[Ed. – The author is mistaking apathy on the part of the electorate as confusion over the question of whom to vote for. On Election Day, 2020 the choice for many Democratic voters will be ‘none of the above.’]
The Democratic presidential candidates have been on the campaign trail for nearly a year. Confusion rather than clarity continues to be the story of their contest for the 2020 nomination.
Early in the year, the party’s liberal wing seemed to be ascendant, defined by the candidacies of Sens. Bernie Sanders (I-Vt.) and Elizabeth Warren (D-Mass.) and the embrace of a single-payer, Medicare-for-all health-care program. Sanders and Warren were calling for other dramatic changes to the system — economic and political — and their voices stood out. Some other candidates offered echoes of their ideas.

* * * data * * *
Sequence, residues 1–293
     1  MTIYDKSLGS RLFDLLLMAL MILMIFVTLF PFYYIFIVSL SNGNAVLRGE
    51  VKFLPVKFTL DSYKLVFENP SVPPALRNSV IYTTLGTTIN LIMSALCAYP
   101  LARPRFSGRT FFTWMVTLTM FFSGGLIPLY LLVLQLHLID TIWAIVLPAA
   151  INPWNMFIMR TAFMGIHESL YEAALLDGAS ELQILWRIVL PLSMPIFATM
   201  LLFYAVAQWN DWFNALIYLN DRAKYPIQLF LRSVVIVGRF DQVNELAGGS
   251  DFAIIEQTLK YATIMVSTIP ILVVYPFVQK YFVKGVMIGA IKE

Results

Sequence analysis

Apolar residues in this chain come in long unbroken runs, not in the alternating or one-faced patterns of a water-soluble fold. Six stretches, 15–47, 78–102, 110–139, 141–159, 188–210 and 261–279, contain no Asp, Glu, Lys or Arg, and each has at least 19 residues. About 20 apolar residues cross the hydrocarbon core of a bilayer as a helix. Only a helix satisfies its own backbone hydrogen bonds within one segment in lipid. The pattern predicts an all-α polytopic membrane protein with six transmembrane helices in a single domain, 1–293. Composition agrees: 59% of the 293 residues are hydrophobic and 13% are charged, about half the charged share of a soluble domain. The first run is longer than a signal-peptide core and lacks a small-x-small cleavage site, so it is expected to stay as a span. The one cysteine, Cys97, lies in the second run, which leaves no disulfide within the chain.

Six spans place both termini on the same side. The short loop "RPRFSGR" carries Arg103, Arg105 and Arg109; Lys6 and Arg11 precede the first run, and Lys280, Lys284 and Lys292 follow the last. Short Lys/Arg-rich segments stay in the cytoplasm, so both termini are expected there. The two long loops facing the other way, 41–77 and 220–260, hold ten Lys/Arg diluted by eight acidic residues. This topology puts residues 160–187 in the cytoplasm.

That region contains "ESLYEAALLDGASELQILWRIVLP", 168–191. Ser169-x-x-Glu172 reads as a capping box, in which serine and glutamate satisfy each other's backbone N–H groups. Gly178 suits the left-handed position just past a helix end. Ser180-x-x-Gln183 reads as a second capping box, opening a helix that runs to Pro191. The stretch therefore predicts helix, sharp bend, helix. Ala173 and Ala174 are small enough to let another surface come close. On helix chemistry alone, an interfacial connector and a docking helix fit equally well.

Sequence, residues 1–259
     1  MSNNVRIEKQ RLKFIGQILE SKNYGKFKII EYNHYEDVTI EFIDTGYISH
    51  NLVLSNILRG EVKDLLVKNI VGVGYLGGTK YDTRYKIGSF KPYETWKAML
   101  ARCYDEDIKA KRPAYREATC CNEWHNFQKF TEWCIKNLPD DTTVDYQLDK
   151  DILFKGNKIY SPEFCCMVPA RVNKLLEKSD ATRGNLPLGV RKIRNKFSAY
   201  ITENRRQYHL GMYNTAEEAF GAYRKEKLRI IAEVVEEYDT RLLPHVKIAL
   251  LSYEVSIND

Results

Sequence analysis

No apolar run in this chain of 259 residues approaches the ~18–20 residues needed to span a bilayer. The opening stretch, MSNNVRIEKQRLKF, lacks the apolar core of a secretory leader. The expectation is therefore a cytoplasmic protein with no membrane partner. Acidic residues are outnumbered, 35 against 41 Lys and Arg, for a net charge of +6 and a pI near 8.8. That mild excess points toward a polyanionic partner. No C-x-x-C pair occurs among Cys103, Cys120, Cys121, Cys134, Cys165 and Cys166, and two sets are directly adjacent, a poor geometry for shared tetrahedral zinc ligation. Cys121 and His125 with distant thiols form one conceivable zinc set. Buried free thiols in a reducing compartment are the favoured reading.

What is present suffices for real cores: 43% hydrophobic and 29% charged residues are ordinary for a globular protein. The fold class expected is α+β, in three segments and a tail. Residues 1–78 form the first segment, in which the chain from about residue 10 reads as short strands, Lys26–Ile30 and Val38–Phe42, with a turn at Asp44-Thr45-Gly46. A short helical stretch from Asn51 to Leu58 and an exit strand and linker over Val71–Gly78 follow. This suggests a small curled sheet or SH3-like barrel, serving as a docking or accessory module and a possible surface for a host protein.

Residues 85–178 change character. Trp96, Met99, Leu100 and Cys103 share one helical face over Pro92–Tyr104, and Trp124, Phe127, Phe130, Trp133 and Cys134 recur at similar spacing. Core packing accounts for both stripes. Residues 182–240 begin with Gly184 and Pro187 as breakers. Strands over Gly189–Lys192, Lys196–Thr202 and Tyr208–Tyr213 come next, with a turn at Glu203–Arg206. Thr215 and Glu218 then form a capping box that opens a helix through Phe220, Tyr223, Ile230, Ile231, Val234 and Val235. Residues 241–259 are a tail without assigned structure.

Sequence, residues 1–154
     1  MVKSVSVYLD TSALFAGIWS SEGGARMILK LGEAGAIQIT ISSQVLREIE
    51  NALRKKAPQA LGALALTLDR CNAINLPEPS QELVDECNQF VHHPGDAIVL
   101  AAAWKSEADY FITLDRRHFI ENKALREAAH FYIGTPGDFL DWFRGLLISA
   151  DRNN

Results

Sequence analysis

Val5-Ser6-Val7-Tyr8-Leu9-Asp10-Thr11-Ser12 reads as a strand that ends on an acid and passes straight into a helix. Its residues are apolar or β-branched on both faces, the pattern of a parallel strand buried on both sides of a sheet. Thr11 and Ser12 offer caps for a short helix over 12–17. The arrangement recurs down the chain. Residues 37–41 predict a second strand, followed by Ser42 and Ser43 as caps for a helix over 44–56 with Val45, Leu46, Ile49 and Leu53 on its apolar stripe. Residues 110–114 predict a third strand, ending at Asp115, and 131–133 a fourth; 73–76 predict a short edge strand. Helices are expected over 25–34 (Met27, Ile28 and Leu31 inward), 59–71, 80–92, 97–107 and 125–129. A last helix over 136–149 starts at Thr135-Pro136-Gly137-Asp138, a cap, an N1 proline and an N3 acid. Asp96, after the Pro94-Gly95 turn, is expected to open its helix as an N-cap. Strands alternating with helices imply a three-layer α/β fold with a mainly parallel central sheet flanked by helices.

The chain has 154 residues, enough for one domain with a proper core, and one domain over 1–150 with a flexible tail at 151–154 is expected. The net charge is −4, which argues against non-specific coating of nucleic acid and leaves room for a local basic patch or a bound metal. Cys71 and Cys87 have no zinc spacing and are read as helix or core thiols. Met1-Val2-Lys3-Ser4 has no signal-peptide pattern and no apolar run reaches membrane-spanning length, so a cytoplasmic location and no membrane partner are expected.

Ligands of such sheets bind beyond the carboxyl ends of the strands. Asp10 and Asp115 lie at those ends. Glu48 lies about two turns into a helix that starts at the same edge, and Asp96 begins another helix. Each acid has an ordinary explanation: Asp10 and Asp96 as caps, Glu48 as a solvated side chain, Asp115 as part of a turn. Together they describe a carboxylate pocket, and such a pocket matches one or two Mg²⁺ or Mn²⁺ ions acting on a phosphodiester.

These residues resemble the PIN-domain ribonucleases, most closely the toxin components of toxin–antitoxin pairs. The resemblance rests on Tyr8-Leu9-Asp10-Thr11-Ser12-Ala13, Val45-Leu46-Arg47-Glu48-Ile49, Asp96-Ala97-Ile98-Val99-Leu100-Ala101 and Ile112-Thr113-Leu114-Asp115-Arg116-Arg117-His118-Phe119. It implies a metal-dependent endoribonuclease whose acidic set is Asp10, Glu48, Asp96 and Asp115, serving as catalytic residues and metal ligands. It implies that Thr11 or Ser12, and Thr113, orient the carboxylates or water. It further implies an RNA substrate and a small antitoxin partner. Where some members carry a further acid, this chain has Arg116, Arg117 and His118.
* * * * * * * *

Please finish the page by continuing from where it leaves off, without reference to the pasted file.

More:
That proved to be a misleading indicator of where the Democratic electorate stood on some of the issues, particularly health care, in part because fewer moderate voices were being heard. Former vice president Joe Biden didn’t join the race until April.